Vanguard, the money management firm whose name is synonymous with low-cost products, raised the stakes on competitors by offering its brokerage customers commission-free trading on all 46 of its ETFs, joining the list of ETF providers that offer a way for investor to purchase funds free of charge.
Late last year, Charles Schwab became the first ETF provider to offer investors a way to trade ETFs commission-free when it launched its new family of ETFs. The no-commissions deal applies only to Schwab’s own brokerage customers. The move was seen as a way for Schwab to differentiate its new ETFs from competing existing products at firms such as iShares, Vanguard and others.
Competitors have clearly viewed Schwab’s gambit as a legitimate threat. Just a few months after Schwab made its announcement, the world’s biggest ETF firm, iShares, signed an agreement with Fidelity to offer Fidelity customers the chance to trade 25 iShares funds commission-free. Other deals have been rumored.
The Vanguard announcement is a big deal because it pairs commission-free trading with some of the lowest-cost and most well-established ETFs in the market. Also, by covering all 46 Vanguard ETFs, it’s now the largest group of ETFs available for commission-free trading. The question now, which Dave Nadig takes up in his blog today, is whether Vanguard’s move will raise costs, because processing trades does cost money.
Vanguard addressed that very question in a prepared statement, saying, to begin with, that bringing its brokerage operations in-house last year has saved it “tens of millions of dollars,” and that it’s now simply passing those savings back to clients.
One of the historical issues with ETFs is they are hard to use for dollar-cost averaging, because unlike mutual funds, you must pay a commission each time you buy or sell an ETF. By waiving commissions, brokerages like Schwab, Fidelity and now Vanguard are making dollar-cost averaging in ETFs possible.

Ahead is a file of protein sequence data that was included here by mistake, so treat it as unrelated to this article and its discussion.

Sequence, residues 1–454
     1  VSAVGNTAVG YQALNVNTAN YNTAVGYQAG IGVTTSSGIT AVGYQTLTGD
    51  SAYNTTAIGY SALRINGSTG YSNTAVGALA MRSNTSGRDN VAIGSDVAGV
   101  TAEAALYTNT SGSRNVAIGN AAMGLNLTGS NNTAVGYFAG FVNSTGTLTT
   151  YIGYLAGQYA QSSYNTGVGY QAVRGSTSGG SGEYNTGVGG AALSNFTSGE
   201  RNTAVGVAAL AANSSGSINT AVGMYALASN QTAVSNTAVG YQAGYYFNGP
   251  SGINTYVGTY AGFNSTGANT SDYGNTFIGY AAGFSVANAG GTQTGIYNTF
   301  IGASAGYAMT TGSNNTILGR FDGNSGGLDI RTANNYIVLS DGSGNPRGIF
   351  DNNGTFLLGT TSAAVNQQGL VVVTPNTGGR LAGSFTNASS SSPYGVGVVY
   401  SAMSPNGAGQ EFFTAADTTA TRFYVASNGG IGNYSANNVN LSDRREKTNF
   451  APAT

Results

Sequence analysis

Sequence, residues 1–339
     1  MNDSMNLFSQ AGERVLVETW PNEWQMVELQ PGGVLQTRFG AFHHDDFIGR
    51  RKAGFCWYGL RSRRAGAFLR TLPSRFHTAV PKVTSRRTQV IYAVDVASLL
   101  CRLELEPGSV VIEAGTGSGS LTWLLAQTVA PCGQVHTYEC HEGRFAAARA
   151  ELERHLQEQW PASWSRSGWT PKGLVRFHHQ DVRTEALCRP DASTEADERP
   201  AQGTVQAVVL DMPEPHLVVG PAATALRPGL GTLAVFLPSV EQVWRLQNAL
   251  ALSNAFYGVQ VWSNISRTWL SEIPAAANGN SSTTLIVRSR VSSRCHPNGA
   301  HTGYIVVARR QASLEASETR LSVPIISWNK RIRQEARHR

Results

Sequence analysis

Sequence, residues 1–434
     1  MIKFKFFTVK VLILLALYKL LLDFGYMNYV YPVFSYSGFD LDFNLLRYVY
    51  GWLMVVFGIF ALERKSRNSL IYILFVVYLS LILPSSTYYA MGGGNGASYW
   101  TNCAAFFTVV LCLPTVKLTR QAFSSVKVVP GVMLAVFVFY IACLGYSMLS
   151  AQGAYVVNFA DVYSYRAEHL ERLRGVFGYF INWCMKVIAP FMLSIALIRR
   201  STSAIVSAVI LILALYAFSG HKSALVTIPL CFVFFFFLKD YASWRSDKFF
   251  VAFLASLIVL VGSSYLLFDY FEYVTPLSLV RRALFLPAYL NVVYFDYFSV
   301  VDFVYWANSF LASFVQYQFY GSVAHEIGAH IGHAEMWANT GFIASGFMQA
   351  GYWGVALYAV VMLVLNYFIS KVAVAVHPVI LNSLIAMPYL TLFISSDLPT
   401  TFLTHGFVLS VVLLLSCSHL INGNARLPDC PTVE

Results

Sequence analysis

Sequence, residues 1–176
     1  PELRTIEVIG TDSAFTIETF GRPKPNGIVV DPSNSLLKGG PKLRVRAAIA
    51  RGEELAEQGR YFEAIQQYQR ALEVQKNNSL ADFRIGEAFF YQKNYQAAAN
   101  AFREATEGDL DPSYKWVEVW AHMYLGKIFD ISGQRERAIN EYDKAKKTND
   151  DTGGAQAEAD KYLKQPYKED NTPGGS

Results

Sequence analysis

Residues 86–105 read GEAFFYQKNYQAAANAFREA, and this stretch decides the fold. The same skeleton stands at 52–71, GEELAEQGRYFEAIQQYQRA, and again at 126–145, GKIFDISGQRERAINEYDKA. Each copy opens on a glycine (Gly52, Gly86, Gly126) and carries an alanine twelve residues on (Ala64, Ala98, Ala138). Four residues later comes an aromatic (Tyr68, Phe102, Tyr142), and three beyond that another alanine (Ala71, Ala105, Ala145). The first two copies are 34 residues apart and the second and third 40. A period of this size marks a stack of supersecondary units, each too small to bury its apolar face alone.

“To be clear, our commission-free offer is not intended to encourage the active trading of ETFs, which we believe is counterproductive and rarely successful. Rather, it enables investors to construct a balanced, long-term portfolio of low-cost Vanguard ETFs and add to the portfolio regularly," Vanguard Chief Executive Officer Bill McNabb said in the initial statement the company released announcing the new program.
The Malvern, Pa.-based company’s brokerage unit is overshadowed by its mutual fund complex, but Vanguard has long had a major brokerage operation.
“Importantly, we have found that clients who own brokerage accounts retain larger mutual fund accounts with Vanguard, and their assets are ‘stickier,’ which should help generate further economies of scale to push fund expense ratios lower,” Vanguard said in the second statement it released responding to the possibility that commission-free trades could raise costs.
This week, the NYSE expects to hear from the SEC. What will it mean for ETF investors?
Our annual fixed-income conference is coming up in a little more than a week and I can’t wait.
When it comes to reinvesting dividends, mutual funds have ETFs beat.
With VIX spiking, it’s tempting to pile in or bet against it. Both are a bad idea.